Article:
Why are stroke services changing across North Cumbria?
Why are stroke services changing across north Cumbria?
The North Cumbria Health and Care System is aware of concerns within the community about the development of a Hyper Acute Stroke Unit (HASU).
We want to be clear that this significant investment in services will bring benefits for all patients across north Cumbria. We hope answering these questions may help reassure our community.
We are planning to modernise and improve the care provided to stroke patients by developing an enhanced service called a HASU, not previously available across north Cumbria which has been proven to improve mortality and reduce long term disability.
What are the changes we are planning?
The development of a hyper acute stroke unit (HASU) at the Cumberland Infirmary will mean all potential stroke patients are initially brought to the unit at Carlisle where they will have access to a specialist stroke team made up of consultants, nurses and therapists 24 hours a day 7 days a week.
Admission to this unit is likely to be for a maximum of 72 hours at which point the patient will be discharged home, or if they need more support and are from west Cumbria can be transferred to the West Cumberland Hospital. Patients from the north of the county requiring extra support will remain in Carlisle.
Considerable work has been done alongside the work to develop a HASU to ensure that robust early supported stroke discharge (ESSD) teams support patients home, or closer to home, more quickly.
This is in line with national best practice.
Stroke treatment is about regaining independence – reducing long term disability.
Access and treatment at a HASU in its own right improves mortality (death rate) and long term ability to a far greater extent than traditional models.
What do we have at the moment?
We have two 5 day a week services – at the West Cumberland Hospital in Whitehaven and the Cumberland Infirmary in Carlisle. We have stroke rehabilitation and post-stroke services at both sites.
We have a brilliant team doing their best in the face of a national shortage of stroke specialist staff – consultants and nurses – that are under immense pressure. It isn’t sustainable.
We should have 6 stroke consultants, but in fact we have 1 substantive consultant and two locums. We have struggled to recruit for several years.
Don’t we have that now at both sites?
No – there is a 5 day service at both sites, with the care of potential stroke patients admitted out of hours, looked after by general medical staff.
We should be offering the most modern service in line with national best practice.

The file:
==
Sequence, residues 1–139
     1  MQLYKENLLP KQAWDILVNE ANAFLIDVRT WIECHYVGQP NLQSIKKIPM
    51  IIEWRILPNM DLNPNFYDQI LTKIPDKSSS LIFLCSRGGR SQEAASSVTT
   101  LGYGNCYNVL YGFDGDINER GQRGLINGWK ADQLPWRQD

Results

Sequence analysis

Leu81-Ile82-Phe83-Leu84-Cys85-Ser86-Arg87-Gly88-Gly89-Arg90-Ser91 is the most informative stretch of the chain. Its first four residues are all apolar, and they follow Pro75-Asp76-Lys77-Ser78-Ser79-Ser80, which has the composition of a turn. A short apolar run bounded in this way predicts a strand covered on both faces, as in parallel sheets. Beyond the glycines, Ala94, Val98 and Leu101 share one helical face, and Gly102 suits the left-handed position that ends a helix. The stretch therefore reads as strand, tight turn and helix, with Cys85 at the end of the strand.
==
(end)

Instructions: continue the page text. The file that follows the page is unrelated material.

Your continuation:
What happens elsewhere?
National best practice is to treat patients at a HASU, where a team of specialists are able to provide timely and effective intervention and early decision making. Most other areas of the UK already offer HASU care from specialised units and we believe the people of north Cumbria deserve the same.
Patients treated in a HASU generally have better functional outcomes and fewer complications.
Why is it being planned for Carlisle?
Because Carlisle is closer to Newcastle, where a small number of patients may need transfer for more complex neurological interventions.
What if people from west Cumbria can’t get there in time?
A very small number of patients may benefit from a specific treatment called thrombolysis. This is a clot-busting treatment that in some patients restores blood flow to the brain. There is a four and a half hour window for patients who are eligible for this treatment.
However, patients must be carefully assessed, as administering thrombolysis to some patients could cause harm.
Only 10-15% of patients could be eligible for thrombolysis. Of those patients only 30% receive any benefit from the treatment.
So of 200 potential stroke patients seen at the West Cumberland Hospital every year around 20 are eligible, and of those only around 6 will receive any benefit, whereas all 200 will receive improved outcomes by attending a HASU.
By developing and investing in service to have a specialist centre accessible 24 hours a day, 7 days a week, we are increasing the speedy and specialist assessment and care for all stroke patients.
We are designing services for ALL stroke patients, not just the 10% that may be thrombolysed.
All patients will benefit from the care offered by a specialist team in the 72 hours after a stroke. Just by offering the enhanced service at weekends we increase the support for patients who are admitted with potential stroke on 120 more days a year than our current service.
What is changing at the West Cumberland Hospital?
There will still be inpatient stroke rehabilitation and stroke review clinics at West Cumberland hospital. We are also planning new early supported stroke discharge teams to improve the rehabilitation patients receive after discharge from hospital.
Assessment and treatment at Carlisle is only for the initial acute phase.
When was all this decided?
It was part of the Healthcare For The Future public consultation September to December 2016 with the decision made by NHS Cumbria Clinical Commissioning Group’s (CCG) Governing Body in March 2017.
The information was discussed during the presentations at all public meetings, a stroke-focused public event was held and it was discussed and covered in the local media.